Stephen Toulimin (March 25, 1922-December 4, 2009) was a major logician of the 20th century who can be singled out as a major figure in the development of a permissive sort of warrant principle. He was one of the major thinkers of the twentieth century, important developing logic, ethics, moral reasoning. He was most famous for the Toulmin diagram which was a way of diagramming an argument to understand it's logic, similar to a vin diagram only more complex. [1]

Toulmin was British,(London) influenced by Wittgenstein, educated at king's college Cambridge. His major work was  the uses of argument, 1958.

Encyclopedia Britannica online
Originally published: Philosophy and Rhetoric (Vol. 41, No. 1) 2008
"Toulmin's Rhetorical loigc: What's the Warrant for Warrant?"
by William Keith, David Beard
Summary:
"The article discusses the argument of Stephen Edelston Toulmin concerning the misunderstandings of warrant as emphasized in composition and communication literature. According to the author, Toulmin believes that a good argument can be followed by providing good justification to a claim that can support to criticism and earn a positive verdict. In The Uses of Argument (1958), Toulmin proposed a layout on warrant for analyzing arguments. Toulmin stresses that warrant is the statement that authorizes the movement from the data to the claim. The author notes that Toulmin's argument has created confusion to scholars with their understanding. The author suggests to study the first book of Toulmin "Reasons in Ethics" to fully understand the argument using Toulmin's model."[2]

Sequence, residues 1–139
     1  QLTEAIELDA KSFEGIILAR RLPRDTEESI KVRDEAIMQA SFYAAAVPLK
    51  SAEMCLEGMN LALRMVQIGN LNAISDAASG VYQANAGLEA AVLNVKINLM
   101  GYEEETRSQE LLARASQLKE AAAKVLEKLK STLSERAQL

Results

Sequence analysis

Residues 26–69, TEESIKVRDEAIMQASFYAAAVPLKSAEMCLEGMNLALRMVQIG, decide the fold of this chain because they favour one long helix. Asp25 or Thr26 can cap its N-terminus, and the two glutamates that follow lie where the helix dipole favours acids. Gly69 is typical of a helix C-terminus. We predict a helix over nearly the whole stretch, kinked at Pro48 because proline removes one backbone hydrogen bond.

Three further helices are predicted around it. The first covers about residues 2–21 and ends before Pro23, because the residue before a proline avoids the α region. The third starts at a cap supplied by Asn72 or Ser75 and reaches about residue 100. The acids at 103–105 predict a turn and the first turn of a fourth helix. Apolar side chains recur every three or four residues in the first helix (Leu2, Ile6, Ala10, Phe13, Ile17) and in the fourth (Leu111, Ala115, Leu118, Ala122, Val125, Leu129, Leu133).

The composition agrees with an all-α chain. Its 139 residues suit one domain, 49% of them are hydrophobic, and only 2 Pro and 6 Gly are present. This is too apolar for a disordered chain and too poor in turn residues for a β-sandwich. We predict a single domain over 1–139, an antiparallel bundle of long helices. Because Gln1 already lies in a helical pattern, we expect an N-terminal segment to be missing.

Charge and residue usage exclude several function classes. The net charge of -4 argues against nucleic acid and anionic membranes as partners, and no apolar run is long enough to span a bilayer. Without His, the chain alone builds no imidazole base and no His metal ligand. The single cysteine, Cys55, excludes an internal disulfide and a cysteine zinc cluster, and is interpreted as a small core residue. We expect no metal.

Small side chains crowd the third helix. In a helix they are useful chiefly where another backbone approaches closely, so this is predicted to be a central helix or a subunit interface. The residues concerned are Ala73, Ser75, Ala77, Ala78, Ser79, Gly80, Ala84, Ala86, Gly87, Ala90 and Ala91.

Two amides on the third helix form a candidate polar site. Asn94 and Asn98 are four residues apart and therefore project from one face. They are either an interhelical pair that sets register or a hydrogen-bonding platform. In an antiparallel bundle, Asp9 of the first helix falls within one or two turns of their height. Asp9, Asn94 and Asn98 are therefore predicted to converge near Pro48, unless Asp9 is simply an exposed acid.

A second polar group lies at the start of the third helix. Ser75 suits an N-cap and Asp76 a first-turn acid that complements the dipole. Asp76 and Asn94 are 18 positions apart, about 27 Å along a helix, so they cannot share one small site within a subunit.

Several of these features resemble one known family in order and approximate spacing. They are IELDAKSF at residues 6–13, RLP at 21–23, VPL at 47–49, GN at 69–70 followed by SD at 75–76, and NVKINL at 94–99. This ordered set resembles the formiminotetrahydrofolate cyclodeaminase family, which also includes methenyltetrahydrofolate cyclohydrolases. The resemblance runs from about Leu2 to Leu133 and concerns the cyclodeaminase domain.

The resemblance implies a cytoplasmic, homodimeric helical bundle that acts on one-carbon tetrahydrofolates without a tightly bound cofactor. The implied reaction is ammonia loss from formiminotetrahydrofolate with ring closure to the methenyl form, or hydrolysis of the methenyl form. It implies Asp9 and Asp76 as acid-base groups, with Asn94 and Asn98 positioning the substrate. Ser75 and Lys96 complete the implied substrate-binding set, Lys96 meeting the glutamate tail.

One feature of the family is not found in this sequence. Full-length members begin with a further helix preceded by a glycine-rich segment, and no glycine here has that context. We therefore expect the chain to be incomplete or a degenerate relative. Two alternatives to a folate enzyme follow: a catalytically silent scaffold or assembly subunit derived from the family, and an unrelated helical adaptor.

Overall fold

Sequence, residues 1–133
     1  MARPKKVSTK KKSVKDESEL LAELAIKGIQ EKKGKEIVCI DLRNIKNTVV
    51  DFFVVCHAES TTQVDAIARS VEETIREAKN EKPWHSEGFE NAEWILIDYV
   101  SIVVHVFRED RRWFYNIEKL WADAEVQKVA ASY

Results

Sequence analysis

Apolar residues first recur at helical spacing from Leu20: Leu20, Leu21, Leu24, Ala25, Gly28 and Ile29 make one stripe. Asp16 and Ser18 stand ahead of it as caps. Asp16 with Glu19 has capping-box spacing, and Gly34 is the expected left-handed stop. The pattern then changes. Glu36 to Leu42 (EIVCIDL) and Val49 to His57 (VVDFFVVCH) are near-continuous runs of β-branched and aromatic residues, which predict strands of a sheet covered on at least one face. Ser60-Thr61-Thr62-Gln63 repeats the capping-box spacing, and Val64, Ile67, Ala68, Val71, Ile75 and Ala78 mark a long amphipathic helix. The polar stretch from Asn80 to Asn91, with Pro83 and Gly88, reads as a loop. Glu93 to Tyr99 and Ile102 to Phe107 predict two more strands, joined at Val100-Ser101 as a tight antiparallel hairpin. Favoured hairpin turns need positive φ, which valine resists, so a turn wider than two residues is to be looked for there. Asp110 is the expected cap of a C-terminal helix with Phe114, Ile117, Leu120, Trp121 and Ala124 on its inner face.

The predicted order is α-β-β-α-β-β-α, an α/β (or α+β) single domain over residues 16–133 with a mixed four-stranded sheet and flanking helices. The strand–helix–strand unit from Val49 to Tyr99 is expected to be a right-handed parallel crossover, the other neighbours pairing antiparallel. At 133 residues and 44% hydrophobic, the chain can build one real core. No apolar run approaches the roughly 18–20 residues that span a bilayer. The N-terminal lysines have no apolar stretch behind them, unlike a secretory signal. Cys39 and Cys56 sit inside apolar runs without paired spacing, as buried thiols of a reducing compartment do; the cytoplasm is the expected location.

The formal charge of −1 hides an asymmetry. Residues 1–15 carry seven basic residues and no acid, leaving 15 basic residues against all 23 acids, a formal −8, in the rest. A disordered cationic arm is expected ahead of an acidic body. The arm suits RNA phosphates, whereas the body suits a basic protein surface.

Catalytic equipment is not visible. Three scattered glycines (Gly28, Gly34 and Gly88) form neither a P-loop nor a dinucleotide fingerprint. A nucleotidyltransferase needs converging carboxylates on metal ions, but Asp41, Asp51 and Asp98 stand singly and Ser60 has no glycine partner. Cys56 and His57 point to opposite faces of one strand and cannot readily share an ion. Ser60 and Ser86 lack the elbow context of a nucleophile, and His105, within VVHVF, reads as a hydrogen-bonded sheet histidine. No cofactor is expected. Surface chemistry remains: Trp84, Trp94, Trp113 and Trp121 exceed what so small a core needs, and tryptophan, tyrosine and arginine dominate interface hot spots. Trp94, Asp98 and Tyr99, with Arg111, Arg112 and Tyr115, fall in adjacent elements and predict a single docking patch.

Toulmin stresses that warrant is the statement that authorizes the movement from the data to the claim.That's just what I said about it. I said that before I found this article. The argument has a permissive nature but this does not mean that the ordinary burdens of logical inference are removed.[3]